My Org Brain


Wouldn’t you like to have your own minimal concept-mapping system in emacs? I would!

The Premise

I am a huge fan of Org Mode. My ramblings about it in my Spacemacs posts are testimonial to this fact. Do have a read through them if you haven’t already.

Org Mode centralizes notes as its “first-class citizen” (so to speak). Hence, all functionality in org mode is built on top of notes. For example, org mode headlines can be made into TODOs and have a clock attached to them, or have a deadline attached to them or have tags associated to them and so on. This is all good when you want to brain-storm on a project idea and list out resources and tasks pertinent to that project. To this end org mode works perfectly and seamlessly. But after a certain point integrating all your ideas together into a cohesive unit that you can reference easily and navigate around is not possible in a linear outline fashion that org mode provides you with. You need a way to visualize a map of all objects of importance to you clearly.

The Principle

The basic idea is to be able to create relations between the items in your head in a hierarchial manner. Hence, there is a parent-child relation made between the objects under consideration. In an outline (like the one org mode provides us with) each object can have only one parent, that is, every sub-heading can comme under only a single heading. It turns out you can fix this issue.

In org mode you can assign IDs and properties to headings. Thus you can link a sub-heading to two or more headings using this ID (which can be unique to all the orgfiles you have). You can create this id using the following syntax

* Heading
:PROPERTIES:
:ID: <your-custom-id>
:END:

You can generate this custom id using M-x org-id-get-create.

Now you can store the link using C-c l and link it around your orgfiles.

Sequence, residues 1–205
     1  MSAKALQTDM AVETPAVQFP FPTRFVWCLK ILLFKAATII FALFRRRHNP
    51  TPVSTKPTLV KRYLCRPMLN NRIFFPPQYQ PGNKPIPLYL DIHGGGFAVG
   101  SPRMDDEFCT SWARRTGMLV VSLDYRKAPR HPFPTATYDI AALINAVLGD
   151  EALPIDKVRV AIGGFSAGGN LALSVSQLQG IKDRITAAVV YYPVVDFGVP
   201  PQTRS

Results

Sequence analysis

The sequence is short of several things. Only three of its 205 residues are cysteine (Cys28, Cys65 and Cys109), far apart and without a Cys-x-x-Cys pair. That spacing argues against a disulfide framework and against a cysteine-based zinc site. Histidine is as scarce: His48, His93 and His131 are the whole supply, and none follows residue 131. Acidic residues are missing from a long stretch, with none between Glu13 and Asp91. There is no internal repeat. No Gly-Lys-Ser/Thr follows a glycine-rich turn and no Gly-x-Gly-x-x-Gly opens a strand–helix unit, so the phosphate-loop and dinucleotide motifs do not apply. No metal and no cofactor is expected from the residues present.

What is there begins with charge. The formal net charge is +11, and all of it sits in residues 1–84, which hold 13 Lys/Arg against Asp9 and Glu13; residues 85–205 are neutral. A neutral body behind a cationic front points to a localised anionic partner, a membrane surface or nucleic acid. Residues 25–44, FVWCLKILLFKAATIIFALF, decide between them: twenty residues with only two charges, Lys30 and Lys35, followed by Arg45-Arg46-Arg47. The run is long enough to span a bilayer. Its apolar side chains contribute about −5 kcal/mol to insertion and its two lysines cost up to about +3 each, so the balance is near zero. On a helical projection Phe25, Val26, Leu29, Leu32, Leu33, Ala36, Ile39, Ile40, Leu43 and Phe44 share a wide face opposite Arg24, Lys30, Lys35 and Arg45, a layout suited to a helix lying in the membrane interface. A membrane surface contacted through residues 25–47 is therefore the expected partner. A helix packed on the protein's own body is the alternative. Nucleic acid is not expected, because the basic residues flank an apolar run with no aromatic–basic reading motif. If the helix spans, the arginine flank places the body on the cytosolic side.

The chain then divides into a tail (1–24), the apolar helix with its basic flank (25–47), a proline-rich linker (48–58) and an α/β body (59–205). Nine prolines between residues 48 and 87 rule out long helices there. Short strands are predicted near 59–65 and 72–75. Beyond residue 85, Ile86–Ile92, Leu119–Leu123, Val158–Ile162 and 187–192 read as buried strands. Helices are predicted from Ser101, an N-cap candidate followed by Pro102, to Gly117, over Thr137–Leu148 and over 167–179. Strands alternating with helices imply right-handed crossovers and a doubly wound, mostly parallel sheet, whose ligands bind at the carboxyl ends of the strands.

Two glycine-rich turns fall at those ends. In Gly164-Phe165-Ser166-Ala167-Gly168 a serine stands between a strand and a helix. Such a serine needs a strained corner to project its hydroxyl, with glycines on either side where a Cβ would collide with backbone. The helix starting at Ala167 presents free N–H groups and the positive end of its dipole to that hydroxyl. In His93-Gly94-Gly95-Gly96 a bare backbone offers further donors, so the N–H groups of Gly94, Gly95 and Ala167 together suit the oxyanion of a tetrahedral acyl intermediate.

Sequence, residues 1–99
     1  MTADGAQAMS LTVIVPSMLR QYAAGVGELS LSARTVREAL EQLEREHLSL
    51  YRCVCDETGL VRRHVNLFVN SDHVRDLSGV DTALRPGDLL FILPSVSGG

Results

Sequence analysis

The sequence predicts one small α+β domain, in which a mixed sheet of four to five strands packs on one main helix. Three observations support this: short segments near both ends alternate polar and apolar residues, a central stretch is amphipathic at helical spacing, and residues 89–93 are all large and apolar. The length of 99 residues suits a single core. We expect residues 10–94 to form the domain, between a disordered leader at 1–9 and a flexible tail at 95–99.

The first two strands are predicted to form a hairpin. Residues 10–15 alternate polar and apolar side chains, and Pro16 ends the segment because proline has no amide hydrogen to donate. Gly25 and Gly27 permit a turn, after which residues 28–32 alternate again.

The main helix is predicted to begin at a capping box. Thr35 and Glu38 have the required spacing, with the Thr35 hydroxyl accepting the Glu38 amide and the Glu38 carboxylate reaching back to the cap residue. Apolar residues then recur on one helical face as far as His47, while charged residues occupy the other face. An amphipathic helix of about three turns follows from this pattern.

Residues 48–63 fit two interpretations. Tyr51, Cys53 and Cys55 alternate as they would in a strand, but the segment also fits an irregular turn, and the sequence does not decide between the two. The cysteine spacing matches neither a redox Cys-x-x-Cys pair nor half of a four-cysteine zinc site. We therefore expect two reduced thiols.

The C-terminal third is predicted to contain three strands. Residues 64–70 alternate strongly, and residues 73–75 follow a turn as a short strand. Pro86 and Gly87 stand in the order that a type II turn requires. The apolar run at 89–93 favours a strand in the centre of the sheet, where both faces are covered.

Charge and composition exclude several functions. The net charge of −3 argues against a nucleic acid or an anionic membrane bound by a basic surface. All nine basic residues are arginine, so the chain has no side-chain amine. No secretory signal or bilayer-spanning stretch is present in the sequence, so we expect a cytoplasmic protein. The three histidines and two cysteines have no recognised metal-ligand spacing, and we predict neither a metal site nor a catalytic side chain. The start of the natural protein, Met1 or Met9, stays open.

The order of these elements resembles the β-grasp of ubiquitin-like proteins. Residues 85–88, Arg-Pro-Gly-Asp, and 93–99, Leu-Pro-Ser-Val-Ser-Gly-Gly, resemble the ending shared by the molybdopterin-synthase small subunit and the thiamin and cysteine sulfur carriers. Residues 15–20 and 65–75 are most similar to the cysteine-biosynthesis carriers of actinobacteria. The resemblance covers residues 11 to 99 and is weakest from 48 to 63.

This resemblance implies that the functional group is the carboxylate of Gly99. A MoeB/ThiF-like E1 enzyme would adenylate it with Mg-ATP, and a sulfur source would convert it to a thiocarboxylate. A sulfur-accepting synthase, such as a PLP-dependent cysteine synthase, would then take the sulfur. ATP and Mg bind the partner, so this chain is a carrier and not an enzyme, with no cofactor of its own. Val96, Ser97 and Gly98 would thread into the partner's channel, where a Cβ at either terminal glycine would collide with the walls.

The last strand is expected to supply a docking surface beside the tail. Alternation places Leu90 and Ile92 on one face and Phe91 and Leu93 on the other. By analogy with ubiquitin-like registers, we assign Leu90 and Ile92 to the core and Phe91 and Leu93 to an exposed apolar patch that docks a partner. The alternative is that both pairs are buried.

But in this system you will still be viewing your ideas in a linear structure like an outline even though you have created a non-linear relation. This is where org-brain comes in.

The Payoff

The package org-brain written by Erik Sjöstrand or Kungsgeten is what comes in handy here. If you are using emacs just install it from elpa with M-x package-install org-brain RET and see the official repository for additional details regarding config and init (with use-package).

If you want to use use-package (you should), put the following in your ~/.emacs file

(use-package org-brain
  :ensure t
  :init
  (setq org-brain-path "/path/to/brain/folder")
  :config
  (setq org-id-track-globally t)
  (setq org-id-locations-file "~/.emacs.d/.org-id-locations"))

Now you can get started with org-brain and setup your own brain. Again look through the official repository for help.

Note:

If you want to use the default keybindings that the official package proides, make sure your editing style is emacs. Else, add the following to the :init section

(with-eval-after-load 'evil
  (evil-set-initial-state 'org-brain-visualize-mode 'emacs))

If you want see and use my setup for org-brain and run through my tutorial head over to my repository org-brain-layer (EDIT deprecated) for more help. Until next time

Moriturus te Saluto!